Since every city, county and state is different, the key is to invest the time (and get the local guidance) to come fully prepared. This could include gaining foresight about everything from franchising fees to understanding which types of projects require a formal review vs. which ones can move forward with just an over-the-counter approval. In some cases, a private-public partnership might be the best way to navigate through the maze of obstacles, and an open dialogue with local authorities is the way to create a customized plan for the best path forward. This may seem like a tremendous amount of up-front work, but that is greatly mitigated with the right partner, and it takes much less time and frustration than the delays that occur when these processes go wrong midway through.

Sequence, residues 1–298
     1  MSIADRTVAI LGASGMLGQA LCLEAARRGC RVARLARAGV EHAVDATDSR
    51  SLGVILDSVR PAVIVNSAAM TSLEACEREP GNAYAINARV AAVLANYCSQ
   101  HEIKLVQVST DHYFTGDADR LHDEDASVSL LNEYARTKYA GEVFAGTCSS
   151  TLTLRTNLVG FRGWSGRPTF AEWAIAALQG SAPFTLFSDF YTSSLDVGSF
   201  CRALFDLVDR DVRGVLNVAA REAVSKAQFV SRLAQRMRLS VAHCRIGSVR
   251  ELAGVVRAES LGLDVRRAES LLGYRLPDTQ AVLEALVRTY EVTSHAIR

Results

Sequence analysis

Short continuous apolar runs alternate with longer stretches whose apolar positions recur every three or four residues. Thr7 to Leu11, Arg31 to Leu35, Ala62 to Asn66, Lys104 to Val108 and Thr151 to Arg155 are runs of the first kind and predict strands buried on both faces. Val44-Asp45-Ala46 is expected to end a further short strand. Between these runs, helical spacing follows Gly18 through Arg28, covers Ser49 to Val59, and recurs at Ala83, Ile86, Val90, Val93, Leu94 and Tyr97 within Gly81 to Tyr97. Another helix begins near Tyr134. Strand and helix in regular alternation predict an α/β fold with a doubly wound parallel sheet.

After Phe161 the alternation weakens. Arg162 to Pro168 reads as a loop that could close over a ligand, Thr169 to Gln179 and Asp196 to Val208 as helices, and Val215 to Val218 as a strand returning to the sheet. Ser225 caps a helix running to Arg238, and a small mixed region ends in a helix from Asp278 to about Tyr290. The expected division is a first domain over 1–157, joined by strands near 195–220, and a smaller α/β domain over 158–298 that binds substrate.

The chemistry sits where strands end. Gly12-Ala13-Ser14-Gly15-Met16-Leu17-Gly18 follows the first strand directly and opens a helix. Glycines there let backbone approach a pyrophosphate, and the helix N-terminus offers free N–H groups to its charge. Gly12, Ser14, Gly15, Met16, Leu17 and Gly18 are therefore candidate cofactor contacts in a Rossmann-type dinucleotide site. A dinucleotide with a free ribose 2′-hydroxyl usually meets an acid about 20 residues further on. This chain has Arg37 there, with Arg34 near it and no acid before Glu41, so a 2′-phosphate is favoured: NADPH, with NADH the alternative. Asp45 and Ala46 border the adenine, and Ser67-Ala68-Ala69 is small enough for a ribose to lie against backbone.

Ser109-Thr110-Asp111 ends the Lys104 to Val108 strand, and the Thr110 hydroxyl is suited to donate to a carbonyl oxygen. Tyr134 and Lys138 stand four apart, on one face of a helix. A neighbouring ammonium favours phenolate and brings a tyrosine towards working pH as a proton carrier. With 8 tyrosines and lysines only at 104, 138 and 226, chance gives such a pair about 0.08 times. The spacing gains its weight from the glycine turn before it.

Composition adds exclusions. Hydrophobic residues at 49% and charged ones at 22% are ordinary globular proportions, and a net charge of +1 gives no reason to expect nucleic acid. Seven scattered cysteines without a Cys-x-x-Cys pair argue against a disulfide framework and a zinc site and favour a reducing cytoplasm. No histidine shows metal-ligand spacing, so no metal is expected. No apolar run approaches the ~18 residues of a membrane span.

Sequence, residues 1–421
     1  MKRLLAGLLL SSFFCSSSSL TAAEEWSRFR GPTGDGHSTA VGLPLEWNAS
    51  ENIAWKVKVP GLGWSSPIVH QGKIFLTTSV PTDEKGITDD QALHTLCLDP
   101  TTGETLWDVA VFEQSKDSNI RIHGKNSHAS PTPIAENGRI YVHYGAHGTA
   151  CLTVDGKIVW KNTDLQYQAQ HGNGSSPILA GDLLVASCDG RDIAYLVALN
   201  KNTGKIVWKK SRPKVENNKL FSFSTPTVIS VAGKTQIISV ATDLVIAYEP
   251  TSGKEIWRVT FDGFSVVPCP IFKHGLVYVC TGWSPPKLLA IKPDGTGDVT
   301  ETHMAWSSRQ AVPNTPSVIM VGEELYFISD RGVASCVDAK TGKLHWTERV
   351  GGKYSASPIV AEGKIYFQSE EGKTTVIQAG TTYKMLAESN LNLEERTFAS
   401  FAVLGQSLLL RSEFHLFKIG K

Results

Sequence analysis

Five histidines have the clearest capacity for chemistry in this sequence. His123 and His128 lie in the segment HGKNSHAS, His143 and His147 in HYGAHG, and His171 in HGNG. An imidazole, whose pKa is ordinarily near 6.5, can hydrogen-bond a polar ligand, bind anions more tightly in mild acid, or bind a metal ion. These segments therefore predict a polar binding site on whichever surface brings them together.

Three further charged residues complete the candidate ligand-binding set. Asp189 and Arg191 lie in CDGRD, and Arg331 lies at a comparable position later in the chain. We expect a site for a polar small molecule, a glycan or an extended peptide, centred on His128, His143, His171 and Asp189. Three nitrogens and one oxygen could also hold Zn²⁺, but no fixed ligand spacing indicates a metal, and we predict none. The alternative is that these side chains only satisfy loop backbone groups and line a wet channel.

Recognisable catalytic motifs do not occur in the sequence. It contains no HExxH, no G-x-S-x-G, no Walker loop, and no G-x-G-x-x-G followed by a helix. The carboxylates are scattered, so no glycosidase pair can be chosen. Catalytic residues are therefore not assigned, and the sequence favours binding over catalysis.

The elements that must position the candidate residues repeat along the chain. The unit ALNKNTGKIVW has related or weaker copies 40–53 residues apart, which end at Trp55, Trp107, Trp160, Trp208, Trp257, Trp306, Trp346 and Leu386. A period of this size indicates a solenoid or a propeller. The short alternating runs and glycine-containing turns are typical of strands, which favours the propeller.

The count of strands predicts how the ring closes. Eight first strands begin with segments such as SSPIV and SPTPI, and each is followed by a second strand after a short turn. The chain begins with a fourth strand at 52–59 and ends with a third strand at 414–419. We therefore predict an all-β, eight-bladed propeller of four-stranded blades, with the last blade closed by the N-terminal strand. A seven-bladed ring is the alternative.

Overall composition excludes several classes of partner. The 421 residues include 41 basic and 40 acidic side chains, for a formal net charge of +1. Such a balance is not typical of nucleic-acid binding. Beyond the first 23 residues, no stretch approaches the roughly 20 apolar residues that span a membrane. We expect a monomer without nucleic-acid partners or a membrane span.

It is important that you do research on the local environment and incorporate that into your strategy.

Work with your local teams to research the answers to some of these questions:
• Does the Mayor or City Council have a broadband initiative?
• Is there a local tech incubator?
• Is the City looking to become a Smart City, integrating sensors and devices throughout the City to provide better service to their residents?

One of the most frequent questions I get about small cells is whether federal regulation is going to step in and pave the way for small cells nationwide in a way that simplifies the process for wireless providers. This is a particularly timely question in light of clear signals that the federal government has given the past few years in favor of small cells, including the Smart Cities Challenge,4 which provides millions of dollars of funding to develop innovative new strategies for cities to develop and implement connected cities. This program puts a strong spotlight on wireless network densification as a means for urban areas to run these initiatives efficiently.